A barred owl rests in a Douglas fir in Graham, Washington, a sight you would not have seen 60 years ago.
In a small, thick, urban forest of mixed Douglas firs, Western red cedar, big tooth maples and shrubs like salmonberry, serviceberry, and blackberry, we watched a barred owl for nearly an hour. We were hopeful that the owl would do something worthy of a photograph, but it was content to just watch us. Occasionally, we could hear a youngster give a tentative food begging call, but the owl didn’t react. It did turn its head to watch a brown creeper work up the trunk of the tree it was perched on, but mostly it was just content to observe us as we watched it.
This was a great opportunity for us and there was only one thing wrong: either the forest woodland was out of place or the owl was. The barred owl is native to the eastern half of the U.S.—we have seen them in Florida and Texas—but we were on the west coast, just south of Seattle, Washington. What was a barred owl doing here? These owls are not migratory and so it couldn’t be an owl that just wandered off course, and the presence of young clearly indicated that there was more than one in the neighborhood.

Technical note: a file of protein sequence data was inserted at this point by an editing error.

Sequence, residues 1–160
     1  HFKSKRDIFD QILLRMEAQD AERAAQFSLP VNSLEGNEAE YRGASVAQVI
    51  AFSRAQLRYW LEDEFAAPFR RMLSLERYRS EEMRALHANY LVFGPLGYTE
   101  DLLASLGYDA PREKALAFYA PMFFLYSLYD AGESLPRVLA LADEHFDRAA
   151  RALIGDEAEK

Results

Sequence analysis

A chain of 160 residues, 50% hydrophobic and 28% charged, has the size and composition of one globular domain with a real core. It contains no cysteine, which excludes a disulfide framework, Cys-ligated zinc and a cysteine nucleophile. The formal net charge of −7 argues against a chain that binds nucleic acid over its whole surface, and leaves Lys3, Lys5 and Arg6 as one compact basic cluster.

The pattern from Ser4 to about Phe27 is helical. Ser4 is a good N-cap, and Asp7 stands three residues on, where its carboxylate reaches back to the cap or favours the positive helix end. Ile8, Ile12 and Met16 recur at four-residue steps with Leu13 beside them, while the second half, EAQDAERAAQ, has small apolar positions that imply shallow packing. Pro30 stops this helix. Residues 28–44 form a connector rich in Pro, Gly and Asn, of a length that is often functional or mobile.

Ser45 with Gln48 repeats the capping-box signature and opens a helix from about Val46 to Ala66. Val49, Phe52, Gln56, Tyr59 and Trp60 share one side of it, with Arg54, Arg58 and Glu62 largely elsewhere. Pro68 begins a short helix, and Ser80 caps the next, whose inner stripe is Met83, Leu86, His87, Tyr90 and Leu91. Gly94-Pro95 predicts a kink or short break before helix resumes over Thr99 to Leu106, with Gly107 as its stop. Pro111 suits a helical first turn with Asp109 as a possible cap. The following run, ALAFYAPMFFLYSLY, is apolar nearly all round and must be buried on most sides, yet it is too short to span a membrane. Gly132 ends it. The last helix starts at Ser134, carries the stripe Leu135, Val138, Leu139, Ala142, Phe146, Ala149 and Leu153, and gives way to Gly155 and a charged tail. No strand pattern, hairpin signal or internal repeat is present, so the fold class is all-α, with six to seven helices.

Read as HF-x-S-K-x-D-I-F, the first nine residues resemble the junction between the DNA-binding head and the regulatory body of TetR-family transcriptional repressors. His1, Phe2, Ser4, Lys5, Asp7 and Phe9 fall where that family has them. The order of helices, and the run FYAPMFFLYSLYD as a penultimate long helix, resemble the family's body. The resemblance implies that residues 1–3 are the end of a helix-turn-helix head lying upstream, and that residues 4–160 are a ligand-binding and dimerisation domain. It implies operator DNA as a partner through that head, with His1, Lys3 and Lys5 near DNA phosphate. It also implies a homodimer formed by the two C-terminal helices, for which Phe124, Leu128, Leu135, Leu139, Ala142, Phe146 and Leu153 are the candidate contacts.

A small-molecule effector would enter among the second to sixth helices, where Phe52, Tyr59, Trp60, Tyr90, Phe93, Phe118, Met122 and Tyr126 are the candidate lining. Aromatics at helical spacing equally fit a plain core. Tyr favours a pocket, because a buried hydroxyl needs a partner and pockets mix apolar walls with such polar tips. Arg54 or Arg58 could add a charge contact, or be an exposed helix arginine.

As it turns out, barred owls worked their way across the county over the past century, gradually expanding their range. Their route took them across southern Canada, where they were documented in the old growth forests of British Columbia in 1959, and in the forests of Washington and Oregon in the early 1970’s and in California by 1979. North Idaho and western Montana can also claim barred owls and they even reach all the way up to the Yukon Territory and now south as far as San Francisco. It is likely that this owl isn’t done yet, and we might expect further expansion over time.
The barred owl is a handsome round-headed (“earless”) owl with vertical stripes or bars of brown on a white chest and contrasting horizontal bars on the throat. It has the classic facial disks around each dark eye and a yellow beak and feet. It is smaller than the great horned owl, but larger than the famous or infamous spotted owl of the old growth forests of Washington. It is not as aggressive as the great horned owl, but is much more aggressive than the spotted owl.
Barred owls aren’t especially prolific, following the usual owl method of laying no more than three eggs. The female does almost all the egg brooding and the male hunts and feeds her and the young when they hatch. At this rate, they can’t outproduce their kin, so any success of their species comes from other advantages.